Physician’s assistants and nurse practitioners say lack of training is the number one reason they don’t apply for waivers from the DEA to be able to prescribe medication-assisted treatment of addiction, according to a new report.
Published by the American Academy of Physician’s Assistants, the study found that nearly two-thirds of the PAs the organization surveyed cited lack of training as the main barrier to getting the waiver. Other barriers to PAs and NPs getting the DEA waiver included lack of available mental health or psychosocial services (55.1 percent) and time constraints (54 percent).
Waivers are required for any physician, physician assistant, and nurse practitioner who treats patients suffering from substance use disorder or opioid use disorder through medication-assisted treatments.
Three drugs – buprenorphine, methadone, and naltrexone – are approved by the U.S. Food and Drug Administration to that treatment, but they require a waiver from the DEA to be able to prescribe them. In 2016, the U.S. Health and Human Services Department decided to extend that waiver to PAs and NPs who wished to prescribe buprenorphine, provided they undergo 24 hours of training.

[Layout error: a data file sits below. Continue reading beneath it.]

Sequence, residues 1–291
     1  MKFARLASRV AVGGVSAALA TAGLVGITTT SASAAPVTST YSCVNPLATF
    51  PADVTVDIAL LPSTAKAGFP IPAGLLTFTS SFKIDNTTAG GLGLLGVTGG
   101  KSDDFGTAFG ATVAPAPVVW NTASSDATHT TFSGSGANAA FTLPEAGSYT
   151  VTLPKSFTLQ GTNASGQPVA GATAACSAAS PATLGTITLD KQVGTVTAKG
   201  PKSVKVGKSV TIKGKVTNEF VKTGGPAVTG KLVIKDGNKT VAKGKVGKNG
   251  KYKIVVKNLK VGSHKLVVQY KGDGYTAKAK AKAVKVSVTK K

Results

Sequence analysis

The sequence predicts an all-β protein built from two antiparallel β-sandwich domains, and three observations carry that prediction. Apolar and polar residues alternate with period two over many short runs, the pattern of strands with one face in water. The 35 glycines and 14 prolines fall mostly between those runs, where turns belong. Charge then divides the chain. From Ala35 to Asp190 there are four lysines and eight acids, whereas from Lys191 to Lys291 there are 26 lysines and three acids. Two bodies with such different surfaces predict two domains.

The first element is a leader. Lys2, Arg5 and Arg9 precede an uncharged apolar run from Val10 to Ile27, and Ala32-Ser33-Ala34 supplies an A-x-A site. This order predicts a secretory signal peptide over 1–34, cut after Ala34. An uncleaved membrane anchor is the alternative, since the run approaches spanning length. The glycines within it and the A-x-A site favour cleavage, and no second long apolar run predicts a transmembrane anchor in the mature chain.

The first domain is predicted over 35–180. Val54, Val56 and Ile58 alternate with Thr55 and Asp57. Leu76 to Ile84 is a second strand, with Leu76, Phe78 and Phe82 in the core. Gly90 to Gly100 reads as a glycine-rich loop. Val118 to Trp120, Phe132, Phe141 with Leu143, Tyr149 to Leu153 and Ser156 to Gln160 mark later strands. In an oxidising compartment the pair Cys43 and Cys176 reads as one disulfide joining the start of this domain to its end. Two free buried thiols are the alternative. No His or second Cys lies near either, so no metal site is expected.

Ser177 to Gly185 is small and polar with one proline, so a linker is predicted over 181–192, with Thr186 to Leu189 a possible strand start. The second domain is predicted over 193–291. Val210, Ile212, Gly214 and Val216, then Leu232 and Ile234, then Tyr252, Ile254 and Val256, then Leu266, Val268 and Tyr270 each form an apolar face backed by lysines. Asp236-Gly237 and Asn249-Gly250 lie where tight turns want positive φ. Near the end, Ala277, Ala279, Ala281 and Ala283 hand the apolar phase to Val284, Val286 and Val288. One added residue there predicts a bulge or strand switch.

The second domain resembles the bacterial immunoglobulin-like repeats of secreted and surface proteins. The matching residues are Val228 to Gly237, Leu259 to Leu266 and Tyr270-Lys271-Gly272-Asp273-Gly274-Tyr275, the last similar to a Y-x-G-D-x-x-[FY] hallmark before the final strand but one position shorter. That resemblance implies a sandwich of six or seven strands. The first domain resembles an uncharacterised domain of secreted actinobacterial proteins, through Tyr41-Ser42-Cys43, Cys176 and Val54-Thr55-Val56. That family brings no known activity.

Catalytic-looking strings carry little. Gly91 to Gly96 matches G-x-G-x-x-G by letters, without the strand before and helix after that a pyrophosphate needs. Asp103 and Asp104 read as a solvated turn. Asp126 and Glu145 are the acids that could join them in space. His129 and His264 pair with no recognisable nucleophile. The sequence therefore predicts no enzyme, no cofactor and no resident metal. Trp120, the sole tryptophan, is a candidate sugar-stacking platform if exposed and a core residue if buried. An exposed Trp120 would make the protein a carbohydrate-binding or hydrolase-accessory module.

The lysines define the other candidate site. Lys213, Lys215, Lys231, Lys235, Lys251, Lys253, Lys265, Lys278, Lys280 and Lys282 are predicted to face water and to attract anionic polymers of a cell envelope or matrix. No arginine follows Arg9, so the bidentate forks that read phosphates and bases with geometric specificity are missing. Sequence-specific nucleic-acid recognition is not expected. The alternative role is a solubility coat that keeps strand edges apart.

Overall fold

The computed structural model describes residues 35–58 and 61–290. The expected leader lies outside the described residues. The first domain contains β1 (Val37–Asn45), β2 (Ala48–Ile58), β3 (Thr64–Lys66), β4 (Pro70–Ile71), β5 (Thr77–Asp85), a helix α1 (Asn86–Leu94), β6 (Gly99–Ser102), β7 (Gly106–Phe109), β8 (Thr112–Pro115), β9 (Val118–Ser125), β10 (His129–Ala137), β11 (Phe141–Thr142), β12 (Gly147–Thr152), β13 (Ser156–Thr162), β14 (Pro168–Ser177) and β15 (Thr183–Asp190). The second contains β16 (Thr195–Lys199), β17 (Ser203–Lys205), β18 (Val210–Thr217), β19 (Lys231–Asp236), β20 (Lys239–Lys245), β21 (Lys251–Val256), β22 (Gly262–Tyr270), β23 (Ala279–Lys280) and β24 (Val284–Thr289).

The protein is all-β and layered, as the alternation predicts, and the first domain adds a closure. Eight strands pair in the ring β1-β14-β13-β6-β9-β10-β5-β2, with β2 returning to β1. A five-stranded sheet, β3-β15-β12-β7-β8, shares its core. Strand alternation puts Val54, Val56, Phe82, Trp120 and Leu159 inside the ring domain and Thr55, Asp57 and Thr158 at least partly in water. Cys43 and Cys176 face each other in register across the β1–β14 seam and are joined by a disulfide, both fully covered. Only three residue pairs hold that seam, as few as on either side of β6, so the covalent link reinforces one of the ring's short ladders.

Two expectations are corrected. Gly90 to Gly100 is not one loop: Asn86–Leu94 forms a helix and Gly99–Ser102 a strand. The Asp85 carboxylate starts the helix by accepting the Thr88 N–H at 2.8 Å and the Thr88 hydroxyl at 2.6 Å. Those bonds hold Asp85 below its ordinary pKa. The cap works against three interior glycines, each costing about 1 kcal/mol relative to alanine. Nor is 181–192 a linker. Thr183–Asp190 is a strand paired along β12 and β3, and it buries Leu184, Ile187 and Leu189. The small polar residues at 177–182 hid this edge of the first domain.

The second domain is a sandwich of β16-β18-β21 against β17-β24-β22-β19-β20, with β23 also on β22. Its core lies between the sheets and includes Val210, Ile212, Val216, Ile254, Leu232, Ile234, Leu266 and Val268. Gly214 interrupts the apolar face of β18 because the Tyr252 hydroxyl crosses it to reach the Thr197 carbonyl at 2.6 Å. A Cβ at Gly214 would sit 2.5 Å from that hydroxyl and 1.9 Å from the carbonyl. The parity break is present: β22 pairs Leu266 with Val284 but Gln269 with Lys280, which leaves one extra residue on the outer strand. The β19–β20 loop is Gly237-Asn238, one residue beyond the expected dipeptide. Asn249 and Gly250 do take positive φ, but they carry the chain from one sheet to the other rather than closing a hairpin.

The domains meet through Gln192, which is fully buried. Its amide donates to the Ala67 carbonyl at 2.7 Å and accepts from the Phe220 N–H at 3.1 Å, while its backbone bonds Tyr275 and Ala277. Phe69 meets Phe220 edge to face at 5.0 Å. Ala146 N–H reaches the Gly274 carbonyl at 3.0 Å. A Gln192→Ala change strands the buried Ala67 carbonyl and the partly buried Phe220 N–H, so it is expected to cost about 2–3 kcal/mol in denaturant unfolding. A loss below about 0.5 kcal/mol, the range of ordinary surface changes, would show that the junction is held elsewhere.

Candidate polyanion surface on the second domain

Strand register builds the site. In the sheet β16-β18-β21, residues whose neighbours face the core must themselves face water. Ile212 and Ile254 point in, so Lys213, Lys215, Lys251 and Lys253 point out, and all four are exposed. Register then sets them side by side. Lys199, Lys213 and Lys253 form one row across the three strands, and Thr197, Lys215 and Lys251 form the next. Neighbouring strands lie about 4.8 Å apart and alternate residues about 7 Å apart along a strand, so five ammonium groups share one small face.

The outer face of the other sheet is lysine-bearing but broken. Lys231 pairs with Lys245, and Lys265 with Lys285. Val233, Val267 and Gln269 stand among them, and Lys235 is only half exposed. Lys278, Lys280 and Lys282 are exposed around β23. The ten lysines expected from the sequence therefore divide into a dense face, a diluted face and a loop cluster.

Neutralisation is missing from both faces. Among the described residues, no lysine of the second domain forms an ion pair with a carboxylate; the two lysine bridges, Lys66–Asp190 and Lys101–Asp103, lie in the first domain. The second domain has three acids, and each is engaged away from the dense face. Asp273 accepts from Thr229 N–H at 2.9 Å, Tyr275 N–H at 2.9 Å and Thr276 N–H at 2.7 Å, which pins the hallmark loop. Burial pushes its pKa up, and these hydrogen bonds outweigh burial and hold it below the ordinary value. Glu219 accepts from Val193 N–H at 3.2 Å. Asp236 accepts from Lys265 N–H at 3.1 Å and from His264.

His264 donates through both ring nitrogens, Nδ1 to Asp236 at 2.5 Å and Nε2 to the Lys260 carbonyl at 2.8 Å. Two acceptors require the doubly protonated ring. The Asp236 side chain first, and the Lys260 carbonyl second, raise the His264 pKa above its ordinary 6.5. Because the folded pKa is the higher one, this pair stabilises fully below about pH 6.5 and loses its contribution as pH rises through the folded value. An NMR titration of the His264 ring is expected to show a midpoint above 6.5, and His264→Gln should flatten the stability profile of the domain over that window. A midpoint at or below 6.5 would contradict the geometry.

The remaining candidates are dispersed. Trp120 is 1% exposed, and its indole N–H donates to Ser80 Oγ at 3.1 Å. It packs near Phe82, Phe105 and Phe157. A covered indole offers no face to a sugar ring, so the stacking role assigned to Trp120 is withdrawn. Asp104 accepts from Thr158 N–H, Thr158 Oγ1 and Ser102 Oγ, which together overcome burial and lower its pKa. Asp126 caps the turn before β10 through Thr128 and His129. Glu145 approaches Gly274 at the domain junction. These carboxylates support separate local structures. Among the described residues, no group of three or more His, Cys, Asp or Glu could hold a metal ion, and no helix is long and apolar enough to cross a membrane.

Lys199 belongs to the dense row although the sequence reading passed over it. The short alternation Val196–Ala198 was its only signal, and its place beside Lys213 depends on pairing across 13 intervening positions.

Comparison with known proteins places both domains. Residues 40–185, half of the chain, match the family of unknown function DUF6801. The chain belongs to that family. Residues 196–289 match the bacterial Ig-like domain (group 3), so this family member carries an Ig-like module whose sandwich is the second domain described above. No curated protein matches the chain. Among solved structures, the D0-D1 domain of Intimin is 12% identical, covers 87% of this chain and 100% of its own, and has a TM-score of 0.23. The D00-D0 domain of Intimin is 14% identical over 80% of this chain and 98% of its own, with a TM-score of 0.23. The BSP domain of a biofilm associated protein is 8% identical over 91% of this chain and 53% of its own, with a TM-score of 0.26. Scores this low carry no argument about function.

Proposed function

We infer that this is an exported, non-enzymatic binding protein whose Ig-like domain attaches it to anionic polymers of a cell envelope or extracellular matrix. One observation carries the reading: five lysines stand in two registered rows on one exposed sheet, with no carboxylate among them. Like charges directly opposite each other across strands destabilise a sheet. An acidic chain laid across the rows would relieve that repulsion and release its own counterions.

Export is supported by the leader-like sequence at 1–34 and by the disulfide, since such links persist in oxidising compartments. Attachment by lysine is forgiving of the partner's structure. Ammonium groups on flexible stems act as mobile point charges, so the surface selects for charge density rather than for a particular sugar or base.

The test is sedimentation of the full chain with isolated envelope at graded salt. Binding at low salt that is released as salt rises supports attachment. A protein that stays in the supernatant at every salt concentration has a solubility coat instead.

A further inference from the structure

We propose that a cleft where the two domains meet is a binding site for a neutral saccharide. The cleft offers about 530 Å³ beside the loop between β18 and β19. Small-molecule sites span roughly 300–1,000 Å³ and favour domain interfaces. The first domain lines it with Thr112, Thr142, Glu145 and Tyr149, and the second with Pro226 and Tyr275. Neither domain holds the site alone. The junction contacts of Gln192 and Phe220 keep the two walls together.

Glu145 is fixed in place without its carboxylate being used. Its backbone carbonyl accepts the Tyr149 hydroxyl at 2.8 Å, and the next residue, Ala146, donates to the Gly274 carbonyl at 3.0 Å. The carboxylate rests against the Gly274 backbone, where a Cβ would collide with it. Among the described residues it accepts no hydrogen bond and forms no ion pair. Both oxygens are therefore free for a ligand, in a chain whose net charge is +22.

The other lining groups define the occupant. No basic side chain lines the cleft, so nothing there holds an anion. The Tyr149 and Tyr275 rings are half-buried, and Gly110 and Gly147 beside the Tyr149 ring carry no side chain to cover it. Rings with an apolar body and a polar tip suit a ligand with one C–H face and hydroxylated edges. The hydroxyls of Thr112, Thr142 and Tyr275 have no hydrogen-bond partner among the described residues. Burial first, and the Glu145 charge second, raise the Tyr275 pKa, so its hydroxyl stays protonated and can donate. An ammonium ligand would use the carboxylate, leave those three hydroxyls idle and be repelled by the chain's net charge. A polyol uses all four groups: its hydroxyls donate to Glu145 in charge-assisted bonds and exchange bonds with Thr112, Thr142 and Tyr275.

In order to qualify as a MAT prescriber, the PAs or NPs must also be licensed in their state to prescribe Schedule III, IV or V medications for pain; have demonstrated ability to treat and manage opioid use disorder patients; and be supervised or work in collaboration with a qualifying physician.
But in 2019, the AAPA asked PAs whether they have that waiver, what barriers they faced in getting the waiver, and how much competency they have in their ability to diagnose, treat and manage SUD. Of the group surveyed, only 7.5 percent, or 5,083 individuals, responded that they had the waiver.
To address that, the AAPA, in collaboration with the American Academy of Nurse Practitioners and the American Society for Addiction Medicine, said that they would provide the mandatory 24-hour waiver training for both PAs and NPs.
“AAPA, in conjunction with other organizations, continues to look for ways to help PAs combat OUD. By understanding the needs of PAs trying to obtain MAT waivers and their resistance to them, AAPA, Physician Assistant Education Association, and other community partners can strengthen their OUD education, support, and lobbying. With opioid use disorders affecting large portions of the population, it is imperative that more PAs be able to recognize and treat this disorder,” the report said.